Jakarta (CNN) — The Indonesian island of Bali is to reopen its airport to international arrivals this month, officials have announced, signaling that the country is potentially ready to revive its tourism industry after being hard hit by Covid-19.
Bali Ngurah Rai Airport in Denpasar will begin welcoming arrivals from a select number of countries from October 14, according to Luhut Binsar Panjaitan, Indonesia's minister of maritime affairs and investment.
He did not clarify whether foreign tourists would be permitted.
He said the move would go ahead provided the airport can fulfill requirements for quarantine, testing and Covid response.
"Every international arrival passenger must have proof of booking a hotel for quarantine for a minimum of eight days at their own expense," Luhut said in a press conference.
The logistics for this plan are still unspecified.
There is currently no list of accepted accommodation where tourists will be allowed to quarantine, and it's unknown if Bali will open up tourist-only "corridors" or "bubbles" to keep travelers and locals separated.
An earlier plan to restart Bali's tourism industry in September was scrapped. Indonesia has been one of Asia's hardest-hit countries in terms of Covid cases and fatalities. It's only now emerging from a spike in early August which claimed hundreds of lives daily.
Luhut said Indonesia is still selective in allowing which foreigners can enter Indonesia. Citizens of several countries are currently allowed to enter under highly specific circumstances, including South Korea, China, Japan, the United Arab Emirates such as Abu Dhabi and Dubai, and New Zealand.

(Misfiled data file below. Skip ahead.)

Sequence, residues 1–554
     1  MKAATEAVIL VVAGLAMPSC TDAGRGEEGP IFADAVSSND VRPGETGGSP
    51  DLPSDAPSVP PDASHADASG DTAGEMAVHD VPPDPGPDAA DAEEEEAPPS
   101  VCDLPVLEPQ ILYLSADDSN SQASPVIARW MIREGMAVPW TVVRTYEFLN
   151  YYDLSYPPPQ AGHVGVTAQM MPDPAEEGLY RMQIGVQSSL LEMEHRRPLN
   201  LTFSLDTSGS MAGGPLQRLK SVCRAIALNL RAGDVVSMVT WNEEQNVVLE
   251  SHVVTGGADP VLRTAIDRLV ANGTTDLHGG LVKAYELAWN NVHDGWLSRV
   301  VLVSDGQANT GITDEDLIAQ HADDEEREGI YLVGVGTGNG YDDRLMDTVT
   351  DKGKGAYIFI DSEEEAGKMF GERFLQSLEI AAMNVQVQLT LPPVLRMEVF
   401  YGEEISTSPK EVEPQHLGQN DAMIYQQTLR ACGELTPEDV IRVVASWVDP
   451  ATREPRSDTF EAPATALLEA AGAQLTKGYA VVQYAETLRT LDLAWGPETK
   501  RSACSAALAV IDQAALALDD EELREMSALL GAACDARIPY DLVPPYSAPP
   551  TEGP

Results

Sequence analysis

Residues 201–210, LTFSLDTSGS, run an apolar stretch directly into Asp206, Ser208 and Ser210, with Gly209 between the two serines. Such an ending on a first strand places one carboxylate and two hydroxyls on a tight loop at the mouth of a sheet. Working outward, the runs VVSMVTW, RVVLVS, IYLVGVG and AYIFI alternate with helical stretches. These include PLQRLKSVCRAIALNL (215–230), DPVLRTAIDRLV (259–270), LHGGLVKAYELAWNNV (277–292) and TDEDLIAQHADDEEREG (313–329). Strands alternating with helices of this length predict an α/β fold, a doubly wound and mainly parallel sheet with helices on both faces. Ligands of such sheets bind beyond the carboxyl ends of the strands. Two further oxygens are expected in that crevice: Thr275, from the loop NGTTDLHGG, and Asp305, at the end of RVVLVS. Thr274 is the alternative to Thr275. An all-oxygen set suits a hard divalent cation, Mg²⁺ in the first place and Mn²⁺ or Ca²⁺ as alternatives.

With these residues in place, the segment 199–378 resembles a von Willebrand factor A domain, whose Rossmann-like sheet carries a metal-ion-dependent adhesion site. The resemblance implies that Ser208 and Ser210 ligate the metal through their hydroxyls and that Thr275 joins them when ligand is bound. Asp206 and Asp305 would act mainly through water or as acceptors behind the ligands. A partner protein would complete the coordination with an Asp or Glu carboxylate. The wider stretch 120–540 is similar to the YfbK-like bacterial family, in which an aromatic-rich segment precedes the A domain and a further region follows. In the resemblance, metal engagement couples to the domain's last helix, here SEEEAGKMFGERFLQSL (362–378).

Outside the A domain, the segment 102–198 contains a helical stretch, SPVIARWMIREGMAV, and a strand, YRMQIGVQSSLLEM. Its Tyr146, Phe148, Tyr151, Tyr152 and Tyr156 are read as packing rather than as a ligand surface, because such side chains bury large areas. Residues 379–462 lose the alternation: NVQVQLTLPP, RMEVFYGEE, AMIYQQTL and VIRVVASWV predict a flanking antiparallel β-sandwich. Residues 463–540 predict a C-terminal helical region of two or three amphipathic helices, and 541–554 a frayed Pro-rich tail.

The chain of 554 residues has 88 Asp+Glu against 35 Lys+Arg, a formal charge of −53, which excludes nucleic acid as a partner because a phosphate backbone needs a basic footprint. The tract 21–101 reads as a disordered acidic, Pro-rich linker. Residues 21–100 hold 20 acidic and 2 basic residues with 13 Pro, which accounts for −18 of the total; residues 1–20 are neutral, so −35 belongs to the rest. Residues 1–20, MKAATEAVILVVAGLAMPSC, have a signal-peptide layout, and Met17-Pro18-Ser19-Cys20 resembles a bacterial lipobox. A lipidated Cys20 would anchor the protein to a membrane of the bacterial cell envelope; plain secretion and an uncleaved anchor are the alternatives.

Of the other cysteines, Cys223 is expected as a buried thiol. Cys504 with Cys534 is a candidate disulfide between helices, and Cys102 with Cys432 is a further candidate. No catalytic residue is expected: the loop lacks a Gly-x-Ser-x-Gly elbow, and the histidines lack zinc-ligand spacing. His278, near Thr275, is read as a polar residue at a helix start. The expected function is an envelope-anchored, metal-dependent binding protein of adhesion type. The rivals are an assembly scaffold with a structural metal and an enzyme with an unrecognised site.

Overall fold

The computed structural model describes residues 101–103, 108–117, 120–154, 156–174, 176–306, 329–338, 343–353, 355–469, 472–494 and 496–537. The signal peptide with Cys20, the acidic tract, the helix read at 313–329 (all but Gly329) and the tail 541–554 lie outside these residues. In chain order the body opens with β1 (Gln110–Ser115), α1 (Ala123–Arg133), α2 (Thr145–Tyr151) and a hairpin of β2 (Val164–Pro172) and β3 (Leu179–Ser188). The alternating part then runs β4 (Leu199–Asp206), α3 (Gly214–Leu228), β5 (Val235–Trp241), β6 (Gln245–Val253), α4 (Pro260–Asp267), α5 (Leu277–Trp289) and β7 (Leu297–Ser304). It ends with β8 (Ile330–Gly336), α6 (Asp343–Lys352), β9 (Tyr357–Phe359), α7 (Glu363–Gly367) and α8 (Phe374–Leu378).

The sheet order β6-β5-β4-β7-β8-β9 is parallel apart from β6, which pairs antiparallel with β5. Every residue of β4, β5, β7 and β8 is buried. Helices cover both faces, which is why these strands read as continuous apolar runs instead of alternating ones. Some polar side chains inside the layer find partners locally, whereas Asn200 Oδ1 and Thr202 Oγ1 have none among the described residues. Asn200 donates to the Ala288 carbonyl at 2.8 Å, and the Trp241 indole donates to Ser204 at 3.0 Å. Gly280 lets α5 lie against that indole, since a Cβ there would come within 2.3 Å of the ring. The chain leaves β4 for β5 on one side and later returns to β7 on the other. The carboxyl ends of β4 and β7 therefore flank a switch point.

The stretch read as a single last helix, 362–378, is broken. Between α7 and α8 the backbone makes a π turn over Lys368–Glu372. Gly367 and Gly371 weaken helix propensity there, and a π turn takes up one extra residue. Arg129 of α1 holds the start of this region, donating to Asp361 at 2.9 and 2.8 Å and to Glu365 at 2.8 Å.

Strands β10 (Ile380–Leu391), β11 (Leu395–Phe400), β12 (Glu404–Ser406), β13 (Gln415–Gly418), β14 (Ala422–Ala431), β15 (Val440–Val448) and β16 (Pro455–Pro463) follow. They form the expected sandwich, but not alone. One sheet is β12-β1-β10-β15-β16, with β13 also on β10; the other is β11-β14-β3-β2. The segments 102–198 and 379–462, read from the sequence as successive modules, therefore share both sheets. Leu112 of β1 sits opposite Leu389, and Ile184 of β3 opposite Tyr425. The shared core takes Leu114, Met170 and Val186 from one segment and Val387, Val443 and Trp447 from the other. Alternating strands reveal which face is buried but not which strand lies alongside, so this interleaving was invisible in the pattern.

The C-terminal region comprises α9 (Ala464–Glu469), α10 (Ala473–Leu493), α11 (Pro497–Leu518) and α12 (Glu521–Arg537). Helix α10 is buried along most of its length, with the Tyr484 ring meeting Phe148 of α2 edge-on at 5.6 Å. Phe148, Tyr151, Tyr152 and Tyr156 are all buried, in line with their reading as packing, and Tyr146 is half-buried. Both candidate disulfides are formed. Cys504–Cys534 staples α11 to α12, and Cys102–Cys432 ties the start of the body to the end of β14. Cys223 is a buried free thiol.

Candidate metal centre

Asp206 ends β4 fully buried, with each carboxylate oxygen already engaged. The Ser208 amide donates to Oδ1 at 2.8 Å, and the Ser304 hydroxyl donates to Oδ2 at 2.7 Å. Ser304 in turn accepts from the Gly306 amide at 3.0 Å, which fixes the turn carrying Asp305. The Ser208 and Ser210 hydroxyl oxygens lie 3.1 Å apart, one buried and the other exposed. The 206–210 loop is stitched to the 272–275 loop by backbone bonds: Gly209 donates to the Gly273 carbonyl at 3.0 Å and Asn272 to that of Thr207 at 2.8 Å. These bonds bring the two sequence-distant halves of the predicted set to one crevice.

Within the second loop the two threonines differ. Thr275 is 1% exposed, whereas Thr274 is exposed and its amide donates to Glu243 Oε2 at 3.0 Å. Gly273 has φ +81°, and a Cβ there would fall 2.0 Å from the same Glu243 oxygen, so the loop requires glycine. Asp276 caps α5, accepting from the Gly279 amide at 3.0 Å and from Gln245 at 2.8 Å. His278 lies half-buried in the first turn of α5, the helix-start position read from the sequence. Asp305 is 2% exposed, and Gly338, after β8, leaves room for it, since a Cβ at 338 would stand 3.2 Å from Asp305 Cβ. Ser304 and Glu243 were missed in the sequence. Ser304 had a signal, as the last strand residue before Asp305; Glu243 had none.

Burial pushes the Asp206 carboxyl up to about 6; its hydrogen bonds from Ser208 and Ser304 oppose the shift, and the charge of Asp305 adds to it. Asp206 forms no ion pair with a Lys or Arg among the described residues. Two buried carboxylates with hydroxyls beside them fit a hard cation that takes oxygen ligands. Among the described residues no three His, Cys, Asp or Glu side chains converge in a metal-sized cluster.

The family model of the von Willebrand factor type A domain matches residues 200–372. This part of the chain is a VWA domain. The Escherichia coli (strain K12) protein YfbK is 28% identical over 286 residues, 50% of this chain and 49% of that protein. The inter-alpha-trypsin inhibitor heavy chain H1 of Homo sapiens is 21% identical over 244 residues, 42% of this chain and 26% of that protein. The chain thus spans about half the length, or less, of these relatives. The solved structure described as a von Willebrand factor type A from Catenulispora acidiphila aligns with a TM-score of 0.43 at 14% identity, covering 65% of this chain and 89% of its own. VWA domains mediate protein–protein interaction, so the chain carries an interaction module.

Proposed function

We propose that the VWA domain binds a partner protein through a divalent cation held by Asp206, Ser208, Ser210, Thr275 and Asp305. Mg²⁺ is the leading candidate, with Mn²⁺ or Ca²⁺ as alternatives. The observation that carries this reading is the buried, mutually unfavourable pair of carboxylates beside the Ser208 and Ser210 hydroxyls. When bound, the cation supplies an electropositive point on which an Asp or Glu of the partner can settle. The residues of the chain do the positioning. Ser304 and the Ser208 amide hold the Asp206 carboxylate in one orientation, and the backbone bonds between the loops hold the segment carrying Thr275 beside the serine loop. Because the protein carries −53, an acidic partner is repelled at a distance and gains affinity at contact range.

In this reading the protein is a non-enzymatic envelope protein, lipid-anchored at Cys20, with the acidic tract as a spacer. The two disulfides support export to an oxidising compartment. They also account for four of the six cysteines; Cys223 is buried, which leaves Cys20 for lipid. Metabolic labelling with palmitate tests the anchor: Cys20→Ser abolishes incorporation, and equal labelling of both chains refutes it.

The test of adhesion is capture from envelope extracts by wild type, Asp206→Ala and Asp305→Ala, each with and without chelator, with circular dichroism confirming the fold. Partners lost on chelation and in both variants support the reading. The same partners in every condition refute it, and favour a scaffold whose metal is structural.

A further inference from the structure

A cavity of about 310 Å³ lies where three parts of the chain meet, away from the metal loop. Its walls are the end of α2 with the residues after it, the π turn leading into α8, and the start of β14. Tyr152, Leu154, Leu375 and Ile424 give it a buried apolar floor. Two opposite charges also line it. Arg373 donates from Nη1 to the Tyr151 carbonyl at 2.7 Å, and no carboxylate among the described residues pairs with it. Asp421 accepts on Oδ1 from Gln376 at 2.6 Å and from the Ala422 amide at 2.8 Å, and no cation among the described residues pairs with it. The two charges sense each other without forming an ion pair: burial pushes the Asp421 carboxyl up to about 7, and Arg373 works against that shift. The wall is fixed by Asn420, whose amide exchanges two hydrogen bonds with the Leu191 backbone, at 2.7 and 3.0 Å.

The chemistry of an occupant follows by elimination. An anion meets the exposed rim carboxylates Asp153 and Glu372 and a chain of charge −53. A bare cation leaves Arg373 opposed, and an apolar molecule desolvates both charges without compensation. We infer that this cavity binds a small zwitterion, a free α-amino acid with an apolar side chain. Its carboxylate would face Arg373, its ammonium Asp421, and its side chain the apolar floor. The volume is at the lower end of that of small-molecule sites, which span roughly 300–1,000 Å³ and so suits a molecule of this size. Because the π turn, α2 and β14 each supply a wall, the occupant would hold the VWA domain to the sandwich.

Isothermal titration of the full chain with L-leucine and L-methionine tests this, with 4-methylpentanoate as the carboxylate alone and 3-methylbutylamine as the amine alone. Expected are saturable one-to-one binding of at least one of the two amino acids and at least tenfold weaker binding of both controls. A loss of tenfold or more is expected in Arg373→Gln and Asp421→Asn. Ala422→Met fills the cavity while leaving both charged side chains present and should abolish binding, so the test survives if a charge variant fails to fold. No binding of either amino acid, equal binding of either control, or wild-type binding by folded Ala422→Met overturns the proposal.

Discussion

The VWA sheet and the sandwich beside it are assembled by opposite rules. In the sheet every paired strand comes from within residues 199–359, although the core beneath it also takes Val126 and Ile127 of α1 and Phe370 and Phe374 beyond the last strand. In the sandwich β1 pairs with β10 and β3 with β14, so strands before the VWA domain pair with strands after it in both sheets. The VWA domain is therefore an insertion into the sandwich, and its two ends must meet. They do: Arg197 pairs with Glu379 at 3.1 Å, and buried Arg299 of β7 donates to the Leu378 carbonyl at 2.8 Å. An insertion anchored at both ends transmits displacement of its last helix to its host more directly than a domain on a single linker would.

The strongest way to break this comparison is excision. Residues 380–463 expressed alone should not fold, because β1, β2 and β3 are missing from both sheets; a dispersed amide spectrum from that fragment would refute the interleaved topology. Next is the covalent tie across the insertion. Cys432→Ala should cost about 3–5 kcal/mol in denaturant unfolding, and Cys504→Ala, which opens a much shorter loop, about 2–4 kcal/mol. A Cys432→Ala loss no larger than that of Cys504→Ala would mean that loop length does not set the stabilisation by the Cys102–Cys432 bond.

Indonesia's Immigration Department spokesperson, Arya Pradhana Anggakara, told CNN on Tuesday that tourists -- who are solely engaged in leisure travel -- are not currently allowed to enter the country.
At present, visas are only given to foreigners deemed urgent and skilled workers, paramedics or investor. Foreigners married to Indonesians are also permitted.
The announcement comes as the government has extended level-three restrictions in Java and Bali for another two weeks. Some facilities will be able to open with gyms operating at a limited capacity and food stalls open for business.
As of October 5, Indonesia has reported 4,220,206 cases of the virus with 142,261 deaths, according to data from Johns Hopkins University. Approximately 20% of the population is fully vaccinated against the virus.